Anti-Graft War: Transparency, Please


Nigeria’s President Muhammadu Buhari, a forthnight ago ordered the arrest of the former National Security Adviser, NSA, Col Sambo Dasuki, who had for a while, been under house arrest, along with other former security chiefs. The order we understood, followed the report of a 13-man Presidential Investigation Committee which allegedly uncovered large-scale misappropriation of funds meant for the procurement of arms to prosecute the war against terror.
The committee whose mandate we were told, was to probe the procurement of equipment for the armed forces and Defence sector from 2007 to date uncovered extra budgetary interventions totalling, N643,817,955, 885.18 and a foreign currency component of $2,193,815,000.83. According to the committee’s report 513 contracts were awarded at $8,356,525, 184.32, N2,189,265,724,464.55 and £54,000.00 most of which failed.
Presidential Spokesman on Media, Femi Adesina who made public the President’s order also explained that the amount of foreign currency spent on failed contracts was more than double the $1 billion loan which the National Assembly had approved for borrowing to fight insurgency  in the North East.
Perhaps more worrisome is the committee’s claim that between 2012 and March 2015, the NSA awarded fictitious and phantom contracts to the tune of N2,219,188,60.50, $1,671,742,613.58 and £9,905,477.00. These were said to be for the purchase of four Alpha Jets, 12 Helicopters, bombs and ammunition, but were not executed and the equipment were never supplied to the Nigerian Airforce, neither are they in the forces’ inventory.
Strangely, almost same day that his arrest was ordered, Col Dasuki protested that he was never heard all through the course of the committee’s work.  According to him, he was neither invited informally nor formally to answer questions concerning his role, only to be indicted without trial.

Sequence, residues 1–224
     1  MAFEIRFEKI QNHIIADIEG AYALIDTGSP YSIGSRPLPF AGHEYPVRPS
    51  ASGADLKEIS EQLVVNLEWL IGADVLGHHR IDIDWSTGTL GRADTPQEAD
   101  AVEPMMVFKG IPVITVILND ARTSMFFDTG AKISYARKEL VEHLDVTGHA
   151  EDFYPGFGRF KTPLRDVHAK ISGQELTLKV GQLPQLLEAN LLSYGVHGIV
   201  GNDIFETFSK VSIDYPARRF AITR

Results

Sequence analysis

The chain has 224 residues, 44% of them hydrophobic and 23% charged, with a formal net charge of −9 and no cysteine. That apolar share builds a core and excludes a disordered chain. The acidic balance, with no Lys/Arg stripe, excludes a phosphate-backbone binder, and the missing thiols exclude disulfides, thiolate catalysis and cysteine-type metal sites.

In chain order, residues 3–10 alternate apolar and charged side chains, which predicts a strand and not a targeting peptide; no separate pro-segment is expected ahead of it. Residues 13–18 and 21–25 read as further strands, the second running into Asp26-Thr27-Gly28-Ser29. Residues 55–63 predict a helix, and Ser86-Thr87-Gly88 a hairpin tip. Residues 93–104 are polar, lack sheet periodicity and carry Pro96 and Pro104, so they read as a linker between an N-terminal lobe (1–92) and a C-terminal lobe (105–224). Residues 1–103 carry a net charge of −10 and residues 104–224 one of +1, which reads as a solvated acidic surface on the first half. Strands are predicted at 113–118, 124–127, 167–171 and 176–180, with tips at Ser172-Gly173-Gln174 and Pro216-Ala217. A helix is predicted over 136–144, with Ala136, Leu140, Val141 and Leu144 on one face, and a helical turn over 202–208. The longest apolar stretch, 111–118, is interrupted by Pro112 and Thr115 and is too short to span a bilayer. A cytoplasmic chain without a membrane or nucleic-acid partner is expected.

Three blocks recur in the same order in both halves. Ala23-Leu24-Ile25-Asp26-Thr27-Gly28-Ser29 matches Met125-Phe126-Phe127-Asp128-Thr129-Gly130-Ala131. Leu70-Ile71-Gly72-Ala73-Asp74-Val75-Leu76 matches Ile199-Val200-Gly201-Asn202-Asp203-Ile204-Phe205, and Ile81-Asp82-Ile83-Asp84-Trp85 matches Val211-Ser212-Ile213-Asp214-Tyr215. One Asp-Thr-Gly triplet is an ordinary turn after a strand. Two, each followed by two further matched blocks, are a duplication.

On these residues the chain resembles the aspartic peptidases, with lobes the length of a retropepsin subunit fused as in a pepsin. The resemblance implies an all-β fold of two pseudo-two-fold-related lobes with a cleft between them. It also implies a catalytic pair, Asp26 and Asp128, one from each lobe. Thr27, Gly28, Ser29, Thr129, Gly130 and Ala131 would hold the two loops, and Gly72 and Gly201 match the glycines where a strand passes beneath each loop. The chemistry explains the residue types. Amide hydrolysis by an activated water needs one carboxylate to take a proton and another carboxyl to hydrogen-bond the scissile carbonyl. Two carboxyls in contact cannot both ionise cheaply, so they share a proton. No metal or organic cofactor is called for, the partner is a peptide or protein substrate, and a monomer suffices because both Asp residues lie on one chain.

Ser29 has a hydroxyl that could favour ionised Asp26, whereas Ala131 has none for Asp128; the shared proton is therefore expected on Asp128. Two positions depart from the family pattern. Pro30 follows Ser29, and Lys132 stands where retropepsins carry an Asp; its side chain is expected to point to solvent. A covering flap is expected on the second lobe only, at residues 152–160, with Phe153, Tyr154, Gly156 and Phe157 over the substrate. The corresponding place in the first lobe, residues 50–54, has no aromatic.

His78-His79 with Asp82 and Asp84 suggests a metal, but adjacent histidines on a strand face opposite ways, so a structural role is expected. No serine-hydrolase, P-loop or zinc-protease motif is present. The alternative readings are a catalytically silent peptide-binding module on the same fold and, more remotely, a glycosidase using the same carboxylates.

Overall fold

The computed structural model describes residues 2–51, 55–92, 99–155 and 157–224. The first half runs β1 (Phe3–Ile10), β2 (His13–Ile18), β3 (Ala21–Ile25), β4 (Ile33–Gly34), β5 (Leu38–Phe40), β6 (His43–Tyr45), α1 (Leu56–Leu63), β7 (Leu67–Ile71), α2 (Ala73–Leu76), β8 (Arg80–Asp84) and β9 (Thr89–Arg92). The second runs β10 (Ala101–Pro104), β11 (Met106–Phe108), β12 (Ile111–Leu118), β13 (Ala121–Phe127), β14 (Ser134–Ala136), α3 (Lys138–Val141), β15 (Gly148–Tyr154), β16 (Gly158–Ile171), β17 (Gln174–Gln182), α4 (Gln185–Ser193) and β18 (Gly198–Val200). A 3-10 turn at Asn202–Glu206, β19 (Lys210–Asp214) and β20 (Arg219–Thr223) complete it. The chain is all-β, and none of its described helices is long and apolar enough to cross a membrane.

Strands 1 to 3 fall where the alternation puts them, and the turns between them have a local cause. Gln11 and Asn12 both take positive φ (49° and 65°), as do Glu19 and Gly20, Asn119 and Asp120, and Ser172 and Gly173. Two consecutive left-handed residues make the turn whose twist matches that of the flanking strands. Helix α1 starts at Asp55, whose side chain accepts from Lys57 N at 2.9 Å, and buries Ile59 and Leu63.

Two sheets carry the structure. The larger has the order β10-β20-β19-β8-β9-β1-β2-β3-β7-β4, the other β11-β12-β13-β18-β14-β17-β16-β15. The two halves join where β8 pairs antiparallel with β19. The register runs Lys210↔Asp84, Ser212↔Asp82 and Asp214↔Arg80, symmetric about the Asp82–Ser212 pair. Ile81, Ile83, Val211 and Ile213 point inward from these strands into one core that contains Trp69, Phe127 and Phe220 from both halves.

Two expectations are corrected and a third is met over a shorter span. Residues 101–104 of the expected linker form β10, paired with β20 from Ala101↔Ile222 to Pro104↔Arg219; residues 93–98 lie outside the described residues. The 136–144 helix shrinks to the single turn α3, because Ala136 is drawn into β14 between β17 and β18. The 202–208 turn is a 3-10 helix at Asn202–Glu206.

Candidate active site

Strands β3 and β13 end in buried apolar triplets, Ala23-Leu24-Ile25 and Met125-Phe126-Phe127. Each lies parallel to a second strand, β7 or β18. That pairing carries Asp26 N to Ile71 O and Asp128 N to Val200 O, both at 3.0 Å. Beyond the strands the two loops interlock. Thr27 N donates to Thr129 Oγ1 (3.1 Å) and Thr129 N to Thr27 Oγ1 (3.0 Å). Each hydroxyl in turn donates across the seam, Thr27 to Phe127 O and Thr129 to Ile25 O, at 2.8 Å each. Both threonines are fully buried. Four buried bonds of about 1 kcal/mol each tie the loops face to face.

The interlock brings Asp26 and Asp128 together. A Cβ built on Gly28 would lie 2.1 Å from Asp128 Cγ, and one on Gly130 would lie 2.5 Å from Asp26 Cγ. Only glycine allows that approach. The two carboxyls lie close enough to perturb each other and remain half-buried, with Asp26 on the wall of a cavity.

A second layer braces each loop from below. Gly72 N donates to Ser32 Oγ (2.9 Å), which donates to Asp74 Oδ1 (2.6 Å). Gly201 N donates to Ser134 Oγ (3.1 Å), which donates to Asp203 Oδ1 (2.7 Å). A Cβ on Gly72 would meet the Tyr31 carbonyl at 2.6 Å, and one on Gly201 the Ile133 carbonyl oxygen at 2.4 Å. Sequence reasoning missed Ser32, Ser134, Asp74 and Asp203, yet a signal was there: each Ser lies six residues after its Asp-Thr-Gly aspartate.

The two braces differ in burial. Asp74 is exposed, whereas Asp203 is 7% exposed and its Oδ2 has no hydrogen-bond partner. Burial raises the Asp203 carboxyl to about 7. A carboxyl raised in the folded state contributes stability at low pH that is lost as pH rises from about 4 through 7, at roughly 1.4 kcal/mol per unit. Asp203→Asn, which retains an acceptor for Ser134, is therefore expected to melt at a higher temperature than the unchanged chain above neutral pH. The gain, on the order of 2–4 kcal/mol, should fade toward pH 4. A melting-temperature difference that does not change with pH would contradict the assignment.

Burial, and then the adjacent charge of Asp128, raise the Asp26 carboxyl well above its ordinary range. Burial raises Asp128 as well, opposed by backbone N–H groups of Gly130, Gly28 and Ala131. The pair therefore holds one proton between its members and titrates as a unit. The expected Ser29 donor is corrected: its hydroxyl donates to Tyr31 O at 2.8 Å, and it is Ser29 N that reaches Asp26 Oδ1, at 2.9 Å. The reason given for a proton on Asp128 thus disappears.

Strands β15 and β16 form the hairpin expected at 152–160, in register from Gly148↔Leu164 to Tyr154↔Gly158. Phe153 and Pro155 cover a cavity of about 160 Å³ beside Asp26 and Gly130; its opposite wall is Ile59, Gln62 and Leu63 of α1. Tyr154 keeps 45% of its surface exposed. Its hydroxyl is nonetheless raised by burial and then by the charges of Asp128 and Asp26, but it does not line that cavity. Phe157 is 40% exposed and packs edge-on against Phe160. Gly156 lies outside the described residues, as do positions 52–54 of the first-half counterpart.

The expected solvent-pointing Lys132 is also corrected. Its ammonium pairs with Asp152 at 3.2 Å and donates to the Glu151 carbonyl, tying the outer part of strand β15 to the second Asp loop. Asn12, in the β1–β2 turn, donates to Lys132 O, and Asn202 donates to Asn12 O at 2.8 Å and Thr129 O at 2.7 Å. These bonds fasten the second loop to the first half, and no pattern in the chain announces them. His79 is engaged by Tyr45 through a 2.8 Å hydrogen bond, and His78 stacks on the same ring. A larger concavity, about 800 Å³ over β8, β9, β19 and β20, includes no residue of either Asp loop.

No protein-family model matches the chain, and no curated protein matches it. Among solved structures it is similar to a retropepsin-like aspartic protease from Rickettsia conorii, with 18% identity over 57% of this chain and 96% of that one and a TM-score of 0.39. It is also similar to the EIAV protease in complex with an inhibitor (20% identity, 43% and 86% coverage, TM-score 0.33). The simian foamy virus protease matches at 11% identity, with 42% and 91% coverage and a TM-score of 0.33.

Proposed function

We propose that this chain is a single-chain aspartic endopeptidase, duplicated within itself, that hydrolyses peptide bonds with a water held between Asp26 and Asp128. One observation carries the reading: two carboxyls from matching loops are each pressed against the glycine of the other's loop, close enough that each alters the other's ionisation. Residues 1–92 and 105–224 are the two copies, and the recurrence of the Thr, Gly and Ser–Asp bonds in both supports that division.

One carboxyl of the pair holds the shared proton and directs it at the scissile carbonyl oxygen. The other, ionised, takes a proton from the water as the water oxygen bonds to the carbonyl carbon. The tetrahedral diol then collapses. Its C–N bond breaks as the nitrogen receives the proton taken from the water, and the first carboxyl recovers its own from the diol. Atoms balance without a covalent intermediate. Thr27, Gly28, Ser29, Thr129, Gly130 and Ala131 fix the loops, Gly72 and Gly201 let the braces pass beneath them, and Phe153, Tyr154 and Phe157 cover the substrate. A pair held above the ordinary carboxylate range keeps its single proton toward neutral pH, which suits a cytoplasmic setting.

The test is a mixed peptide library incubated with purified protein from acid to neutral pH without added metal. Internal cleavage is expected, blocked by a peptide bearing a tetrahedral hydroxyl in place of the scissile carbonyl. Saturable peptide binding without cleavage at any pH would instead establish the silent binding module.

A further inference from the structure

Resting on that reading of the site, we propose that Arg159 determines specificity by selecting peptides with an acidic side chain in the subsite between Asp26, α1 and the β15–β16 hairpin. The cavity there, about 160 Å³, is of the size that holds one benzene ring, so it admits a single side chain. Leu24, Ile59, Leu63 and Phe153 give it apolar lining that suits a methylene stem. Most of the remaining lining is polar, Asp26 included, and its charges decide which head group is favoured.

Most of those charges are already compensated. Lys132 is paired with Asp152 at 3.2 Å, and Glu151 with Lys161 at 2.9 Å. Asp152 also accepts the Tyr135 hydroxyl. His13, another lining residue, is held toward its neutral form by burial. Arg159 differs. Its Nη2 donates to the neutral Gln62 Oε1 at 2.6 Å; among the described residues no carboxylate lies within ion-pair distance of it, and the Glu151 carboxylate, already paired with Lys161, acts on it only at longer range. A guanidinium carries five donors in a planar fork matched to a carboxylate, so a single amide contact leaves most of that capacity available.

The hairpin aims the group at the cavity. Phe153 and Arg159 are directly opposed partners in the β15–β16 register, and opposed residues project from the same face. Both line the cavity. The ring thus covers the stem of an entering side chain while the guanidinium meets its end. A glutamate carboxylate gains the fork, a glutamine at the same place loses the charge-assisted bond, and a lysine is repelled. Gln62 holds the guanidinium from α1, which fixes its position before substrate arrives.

These indeed are issues that should be addressed properly if the anti-graft campaign is to record any meaningful success. For instance, is it true that the former National Security Adviser (NSA) was not heard all through the committee’s work? If true, does that not amount to shaving ones’ head in ones absence?
President Buhari had repeatedly assured Nigerians that the war against corruption would respect due process and indeed the rule of law. That persecution without trial akin to those horrible years under military regimes would have no space under the current campaign.
That is why The Tide is disturbed that the arrest of a man, the calibre of Col Dasuki could be ordered without granting him fair hearing, and putting him under house arrest for over two weeks. From all indications, the former NSA has been presumed guilty of all the crimes of financial misappropriation even without formal trial.
We think that there is need for more openness in the way the crusade is being carried out to avoid rumours and speculations of victimization. Without such openness, the administration can lose the support of Nigerians in the fight, especially if it is allowed to wear any political colouration.
Only recently, President Buhari revealed that treasury looters have started returning some of their ill-gotten wealth, but that the federal government wanted all.  The Presidency did not name such repentant looters nor do Nigerians know how much has so far been returned.
Already, some Nigerians have started questioning the methodology and scope of the anti-corruption crusade. They want to know if Plea Bargain is a consideration and if so, how many Nigerians under investigation are leveraging on the facility.
If every corrupt Nigerian is to be jailed there won’t be enough space for all. This is why Nigerians think that the priority ought to be recovery of stolen funds. Even so, it should, not be a reharsh of the Pension Fund scandal, where, a loot as huge as N30bn earned the culprit a mere slap on the wrist.
Also, upon the announcement of the Treasury Single Account (TSA), Nigerians were amazed to find the multiplicity of accounts operated by the Nigerian National Petroleum Corporation (NNPC). Since then, the citizenry has remained keen on knowing how much was actually recovered and those behind these scams. Nigerians want clear answers as to who and what firm are facing trial. Or are the trials  secret also?
The Tide fears that the secrecy behind the anti-corruption campaign could lend credence to lingering criticisms that it is targeted mainly at the opposition. To succeed, the anti-corruption crusade must prevent such, be open and be fair to all.
Without the required transparency, respect for rule of law and fair hearing, the campaign would be reduced to a mere political witch-hunt. That is not what Nigeria needs now, to remain afloat.